How to Fortify Your Roses Against the Cold

– Posted in: Roses

Jack Falker is a rose enthusiast who gardens in Minnesota. Minnesota–in case you don’t have the USDA Hardiness Map memorized–is entirely a cold climate state, consisting of Zone 3 and 4. (Okay, there is a teeny bit of Zone 5 in the most recent map, but still.) One can’t grow roses in Minnesota without knowing how to grow them in a cold climate, and Jack grows a lot of roses.

Jack gives his roses a potassium feast every fall, starting six weeks before the first hard freeze. (He started this year on September 16th.) He first read about this in a rose book by Suzy Bales, and had the concept confirmed by a retired soil science professor, who assured him that “… winter hardiness is one of the most important functions of potassium”.

Jack Falker applying the potassium feast to his roses.

Jack mixes the “potassium feast” in a 60-gallon trash can, and uses a sump pump to apply the mixture to his roses. Photo: Mary Eileen

He dissolves one tablespoon of muriate of potash into three gallons of water, and gives each rose a gallon for each of those six weeks before they go dormant. As Jack says, “Potassium blocks the growth-promoting effects of nitrogen and phosphorous, thereby hardening the canes in time for winter.” As the canes become more hardened, they start to turn red, as you can see in the photo at the very top of the post that Jack supplied. I have been intrigued by this and was eager to try it on my roses. There was only one thing that stopped me:

Where do I get muriate of potash?

Jack gets his from farm supply stores, and “I define a farm supply store as a place that sells bulk fertilizers to farmers, not someplace that sells bird-seed to bird watchers,” he says. I called my local Tractor Supply and Agway, and neither of them had something by that name. Well, what exactly is muriate of potash? Turns out it’s potassium chloride, plain and simple. Maybe if I had asked for it like that, those stores would have told me they had it. But in the course of researching exactly what it was, I discovered Amazon sold it in four pound bags. Problem solved!

I’m getting started a few weeks later than Jack, and I’m not sure I’ll get six weeks in, but some is better than none. And I’m going to mix it up in my trusty Rubbermaid watering can, and not in a 60-gallon trash can as he does. I think I’d have to grow a lot more roses to make a set-up like that worthwhile. And I’ll make sure to wear old clothes, as he says the mixture stains red, though it eventually washes out.

If you live in a cold climate and love to grow roses, Jack’s Minnesota Rose Gardener blog is required reading. He has a lot of good advice on winter protecting your roses.

About the Author

Kathy Purdy is a colchicum evangelist, converting unsuspecting gardeners into colchicophiles. She would be delighted to speak to your group about colchicums or other gardening topics. Kathy’s been writing since 4th grade, gardening since high school, and blogging since 2002.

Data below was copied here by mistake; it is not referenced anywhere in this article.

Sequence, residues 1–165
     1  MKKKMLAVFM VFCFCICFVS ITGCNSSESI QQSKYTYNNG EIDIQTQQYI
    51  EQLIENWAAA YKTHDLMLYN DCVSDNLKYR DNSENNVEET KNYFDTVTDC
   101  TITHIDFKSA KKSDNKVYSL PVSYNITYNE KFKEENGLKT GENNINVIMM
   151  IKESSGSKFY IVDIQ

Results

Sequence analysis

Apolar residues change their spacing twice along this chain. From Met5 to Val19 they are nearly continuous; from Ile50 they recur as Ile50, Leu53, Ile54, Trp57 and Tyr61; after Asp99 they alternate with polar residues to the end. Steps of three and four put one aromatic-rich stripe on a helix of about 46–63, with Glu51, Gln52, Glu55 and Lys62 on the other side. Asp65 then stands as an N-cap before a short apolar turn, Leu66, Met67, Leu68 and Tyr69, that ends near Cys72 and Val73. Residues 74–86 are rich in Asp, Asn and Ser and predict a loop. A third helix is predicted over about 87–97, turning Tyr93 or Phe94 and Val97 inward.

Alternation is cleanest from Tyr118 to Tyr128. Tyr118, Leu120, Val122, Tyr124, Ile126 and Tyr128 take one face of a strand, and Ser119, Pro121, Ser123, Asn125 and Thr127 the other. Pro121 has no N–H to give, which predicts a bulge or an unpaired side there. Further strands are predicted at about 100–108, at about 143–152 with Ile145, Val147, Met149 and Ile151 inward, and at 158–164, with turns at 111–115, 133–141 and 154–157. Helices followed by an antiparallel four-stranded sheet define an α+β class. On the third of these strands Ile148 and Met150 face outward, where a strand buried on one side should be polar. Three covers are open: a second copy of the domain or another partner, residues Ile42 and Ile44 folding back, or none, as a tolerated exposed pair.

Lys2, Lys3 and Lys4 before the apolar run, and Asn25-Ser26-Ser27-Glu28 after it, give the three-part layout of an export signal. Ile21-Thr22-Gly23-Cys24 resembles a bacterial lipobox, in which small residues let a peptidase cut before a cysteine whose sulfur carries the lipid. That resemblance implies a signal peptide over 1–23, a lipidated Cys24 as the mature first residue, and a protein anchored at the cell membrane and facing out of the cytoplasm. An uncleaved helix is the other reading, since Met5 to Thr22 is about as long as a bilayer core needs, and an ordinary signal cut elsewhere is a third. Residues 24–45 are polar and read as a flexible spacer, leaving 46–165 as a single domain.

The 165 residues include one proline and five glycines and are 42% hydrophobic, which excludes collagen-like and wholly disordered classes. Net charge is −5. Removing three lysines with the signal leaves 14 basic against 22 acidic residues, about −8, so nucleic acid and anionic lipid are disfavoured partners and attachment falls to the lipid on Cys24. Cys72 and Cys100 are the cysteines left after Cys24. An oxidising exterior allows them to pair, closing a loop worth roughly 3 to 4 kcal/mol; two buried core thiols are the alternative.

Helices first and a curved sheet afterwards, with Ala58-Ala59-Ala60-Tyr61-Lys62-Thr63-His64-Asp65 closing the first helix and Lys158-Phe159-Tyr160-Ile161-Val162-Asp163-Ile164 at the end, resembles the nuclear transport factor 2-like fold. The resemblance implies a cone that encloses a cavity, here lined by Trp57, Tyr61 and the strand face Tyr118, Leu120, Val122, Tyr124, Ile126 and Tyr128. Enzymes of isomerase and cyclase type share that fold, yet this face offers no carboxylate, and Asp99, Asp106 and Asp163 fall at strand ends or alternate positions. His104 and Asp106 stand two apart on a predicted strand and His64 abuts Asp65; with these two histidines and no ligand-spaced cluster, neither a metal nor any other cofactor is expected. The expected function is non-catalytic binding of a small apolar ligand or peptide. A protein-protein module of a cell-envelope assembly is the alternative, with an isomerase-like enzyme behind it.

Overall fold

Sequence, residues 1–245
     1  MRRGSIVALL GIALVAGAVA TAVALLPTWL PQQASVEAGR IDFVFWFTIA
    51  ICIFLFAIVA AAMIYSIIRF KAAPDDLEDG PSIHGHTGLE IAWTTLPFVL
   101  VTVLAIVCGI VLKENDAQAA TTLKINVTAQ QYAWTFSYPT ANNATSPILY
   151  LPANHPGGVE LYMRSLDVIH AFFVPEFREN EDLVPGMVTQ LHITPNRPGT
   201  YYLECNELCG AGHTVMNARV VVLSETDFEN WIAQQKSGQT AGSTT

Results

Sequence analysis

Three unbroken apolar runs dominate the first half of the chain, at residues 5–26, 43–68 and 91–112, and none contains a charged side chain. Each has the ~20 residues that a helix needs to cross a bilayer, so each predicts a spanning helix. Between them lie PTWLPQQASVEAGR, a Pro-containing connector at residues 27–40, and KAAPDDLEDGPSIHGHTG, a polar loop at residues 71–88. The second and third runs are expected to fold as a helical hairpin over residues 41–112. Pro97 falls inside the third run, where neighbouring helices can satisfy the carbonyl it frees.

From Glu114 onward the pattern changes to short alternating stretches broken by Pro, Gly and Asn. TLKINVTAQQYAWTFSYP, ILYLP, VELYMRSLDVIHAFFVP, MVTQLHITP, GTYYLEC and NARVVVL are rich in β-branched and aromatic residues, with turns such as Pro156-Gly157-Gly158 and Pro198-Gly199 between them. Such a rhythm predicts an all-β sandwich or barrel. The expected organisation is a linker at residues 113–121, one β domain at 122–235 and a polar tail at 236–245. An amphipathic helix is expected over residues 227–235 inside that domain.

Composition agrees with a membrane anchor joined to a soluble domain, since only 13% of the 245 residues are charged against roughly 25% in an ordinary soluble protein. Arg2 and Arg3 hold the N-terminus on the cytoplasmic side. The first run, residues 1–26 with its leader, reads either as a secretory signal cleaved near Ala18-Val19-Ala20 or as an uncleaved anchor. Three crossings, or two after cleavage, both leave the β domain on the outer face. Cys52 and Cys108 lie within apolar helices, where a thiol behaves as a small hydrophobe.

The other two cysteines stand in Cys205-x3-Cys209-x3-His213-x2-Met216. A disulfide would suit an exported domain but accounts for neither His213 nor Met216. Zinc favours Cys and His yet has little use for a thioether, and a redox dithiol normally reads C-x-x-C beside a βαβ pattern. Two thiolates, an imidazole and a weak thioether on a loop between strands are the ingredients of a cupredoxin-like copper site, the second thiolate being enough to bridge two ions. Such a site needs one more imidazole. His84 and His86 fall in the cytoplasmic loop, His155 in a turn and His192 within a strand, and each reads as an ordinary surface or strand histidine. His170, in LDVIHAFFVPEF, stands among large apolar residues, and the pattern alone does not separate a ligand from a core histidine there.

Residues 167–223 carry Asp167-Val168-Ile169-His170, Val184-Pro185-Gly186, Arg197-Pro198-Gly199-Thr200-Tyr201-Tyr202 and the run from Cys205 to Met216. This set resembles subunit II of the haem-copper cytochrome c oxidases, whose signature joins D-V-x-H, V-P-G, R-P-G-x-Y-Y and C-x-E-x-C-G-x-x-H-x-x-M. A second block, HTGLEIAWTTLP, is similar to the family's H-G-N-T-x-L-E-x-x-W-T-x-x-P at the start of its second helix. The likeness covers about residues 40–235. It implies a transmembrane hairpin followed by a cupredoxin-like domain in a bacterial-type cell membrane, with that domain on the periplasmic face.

Autumn is a second spring when every leaf is a flower.

~Albert Camus in Albert Camus quotations

Comments on this entry are closed.

John Boles October 30, 2014, 5:38 am

Great post Kathy , beautiful roses, thanks for the information will have to try it out

Ian October 15, 2014, 2:48 pm

It’s always great to see people thumbing their nose at the climate and gardening however they want. There are so many different plants and flowers that can thrive in a cold climate as long as you know how to take care of them – more people should take advantage!

Rachel October 10, 2014, 10:08 am

Good Afternoon Kathy,
I really enjoy your blog and all the different post you bring to the table. This one in particular stuck in my mind due the fact that I work for an Organic fertilizer company called OceanGrown, Inc. We are focused on reintroducing all 90 elements to plants using mineralized pure ocean water to fertilize them rather then harsh chemicals. The two added minerals are nitrogen and potassium. Plants, fruits and vegetables all prosper when using our products from receiving all the nutrients the earth was intended to give them. I believe, jack and yourself would love and benefit from our products. you can visit our website at and let me know if you would be interested in us sending you a sample trial of our products you can blog about! Thanks for your time and thank you for your blog and reaching out to us fellow gardeners! God bless

PaulP October 10, 2014, 3:57 am

I love planting roses and it’s a good thing I stumbled upon in your blog post regarding fortifying roses. I will try you advices Kathy and I will check out Jack Rosarian Blog as well. Thanks!

Joanne Toft October 7, 2014, 7:10 pm

Ok – we are on the edge of frost now as Minnesota moves into October. Is it worth it for me to try this? I only have a few roses because they die off so easily. What do you think – so I give them a dose?

Kathy Purdy October 7, 2014, 7:42 pm

Joanne, even after the first frost, roses don’t go dormant right away. Jack says to give them six doses, until a hard freeze (25F). So I gave them their first dose yesterday and will try to do so weekly for all of October. I may not get all 6 doses in, but some is better than none, I figure. But this is my first year doing this and is something of an experiment.

Donna@GardensEyeView October 7, 2014, 9:51 am

I will definitely check out his blog and look at doing this next fall…my fall gardening is limited still.